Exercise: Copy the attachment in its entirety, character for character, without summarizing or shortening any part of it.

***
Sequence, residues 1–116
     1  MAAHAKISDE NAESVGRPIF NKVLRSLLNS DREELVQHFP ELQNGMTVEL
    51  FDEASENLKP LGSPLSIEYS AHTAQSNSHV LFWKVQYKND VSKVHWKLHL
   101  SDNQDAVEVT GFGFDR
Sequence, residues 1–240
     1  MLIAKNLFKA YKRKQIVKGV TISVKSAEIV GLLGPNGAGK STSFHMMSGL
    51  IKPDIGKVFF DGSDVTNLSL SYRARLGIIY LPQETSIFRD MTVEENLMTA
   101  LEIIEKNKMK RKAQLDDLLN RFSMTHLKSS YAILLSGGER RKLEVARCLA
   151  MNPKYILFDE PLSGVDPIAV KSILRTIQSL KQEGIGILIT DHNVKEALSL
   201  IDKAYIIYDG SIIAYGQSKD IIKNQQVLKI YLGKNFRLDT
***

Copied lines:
Sequence, residues 1–116
     1  MAAHAKISDE NAESVGRPIF NKVLRSLLNS DREELVQHFP ELQNGMTVEL
    51  FDEASENLKP LGSPLSIEYS AHTAQSNSHV LFWKVQYKND VSKVHWKLHL
   101  SDNQDAVEVT GFGFDR
Sequence, residues 1–240
     1  MLIAKNLFKA YKRKQIVKGV TISVKSAEIV GLLGPNGAGK STSFHMMSGL
    51  IKPDIGKVFF DGSDVTNLSL SYRARLGIIY LPQETSIFRD MTVEENLMTA
   101  LEIIEKNKMK RKAQLDDLLN RFSMTHLKSS YAILLSGGER RKLEVARCLA
   151  MNPKYILFDE PLSGVDPIAV KSILRTIQSL KQEGIGILIT DHNVKEALSL
   201  IDKAYIIYDG SIIAYGQSKD IIKNQQVLKI YLGKNFRLDT